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Sick of Students Looking at Their Phone in Class? Some Schools Have Started Locking Up Their Phones

By Erin Woo - Rep: August 26, 2019

As the second day of school let out at San Mateo High, administrators stood in the rotunda, waving plate-sized silver disks that students tapped with green-and-gray pouches.

Welcome to the newest front in the battle against cell phones in schools: San Mateo High and others across America have begun locking up students’ iPhones and Samsung Galaxies in opaque magnetic Yondr pouches designed to allow students to keep their phones in their possession but remove the temptation, and the opportunity, to break the rules by using them.

When students arrive at their first period class, they tap their Yondr pouches on a disk, known as a base, to unlock it and place their phones and smart watches inside. The pouches automatically lock when closed via a magnet, similar to anti-shoplifting devices in department stores.

Eight hours later, seventh period teachers and administrators are on hand for students to unlock their phones and return to the world of Instagram likes and group messages. All teachers have a base in their classroom, which allows them to quickly unlock students’ pouches in case of emergency, and administrators are considering mounting them at strategic locations around school property.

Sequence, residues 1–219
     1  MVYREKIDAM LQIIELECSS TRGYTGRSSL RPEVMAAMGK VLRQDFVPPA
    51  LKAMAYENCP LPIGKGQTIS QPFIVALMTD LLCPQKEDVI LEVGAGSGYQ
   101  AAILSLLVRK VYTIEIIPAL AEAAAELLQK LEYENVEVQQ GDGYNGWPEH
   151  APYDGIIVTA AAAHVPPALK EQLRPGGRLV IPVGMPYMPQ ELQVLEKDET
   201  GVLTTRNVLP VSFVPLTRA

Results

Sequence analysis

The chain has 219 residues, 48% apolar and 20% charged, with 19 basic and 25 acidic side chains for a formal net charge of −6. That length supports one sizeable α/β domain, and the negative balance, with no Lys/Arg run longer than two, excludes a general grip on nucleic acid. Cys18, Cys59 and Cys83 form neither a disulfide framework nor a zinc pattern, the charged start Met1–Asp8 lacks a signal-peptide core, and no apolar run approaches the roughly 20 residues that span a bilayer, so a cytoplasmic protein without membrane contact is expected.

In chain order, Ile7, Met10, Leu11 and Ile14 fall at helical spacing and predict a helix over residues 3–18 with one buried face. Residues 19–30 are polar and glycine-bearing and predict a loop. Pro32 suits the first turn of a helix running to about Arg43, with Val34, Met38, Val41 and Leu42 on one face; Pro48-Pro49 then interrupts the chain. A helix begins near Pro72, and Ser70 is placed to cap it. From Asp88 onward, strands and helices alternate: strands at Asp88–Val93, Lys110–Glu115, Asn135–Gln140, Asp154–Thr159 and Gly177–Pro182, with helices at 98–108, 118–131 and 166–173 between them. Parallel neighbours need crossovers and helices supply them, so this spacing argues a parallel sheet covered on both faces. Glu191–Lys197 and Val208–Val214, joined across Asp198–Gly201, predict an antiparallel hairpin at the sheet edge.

The new school-wide, cell-free rules weren’t totally unexpected. San Mateo High conducted a class-specific pilot program last semester, and a group of students volunteered to go phone-free all day.

Assistant Principal Adam Gelb said teachers appreciate that the pouches let kids hang on to their phones so they don’t have to worry about lost or stolen devices. And despite some initial anger and upset about losing phone access, after a few weeks, students in the pilot program felt more engaged and were performing better in school.

Gelb said the first couple days of whole-school cell-free rules have been successful, even if anecdotally, students have found the pouch system easy to foil. Hacks like bringing dummy phones to school, or using a strong magnet to break the lock, are common knowledge, says junior Edward Huang, who participated in the pilot.

So far, though, students don’t seem to have had many problems with going cell-less in class.

“We already weren’t allowed to have our phones, and now people are paying more attention,” said junior Julia Viera.

Instead, it’s the in-between time – class changes, lunch and a short midmorning break known as brunch – that’s drawn complaints from students while also getting at the heart of what adults are trying to accomplish with Yondr: a culture shift towards an unplugged, in-person environment.

“Kids are looking up and talking during lunchtime,” said Principal Yvonne Shiu. “The halls are louder.”

Senior Ethan Staneart, who helps plan lunchtime events as part of student leadership, says more students are now participating. Still, he has encountered challenges.

“People were dancing on the plaza,” he said, but without phones to facilitate communication, “I didn’t know where my friends were.”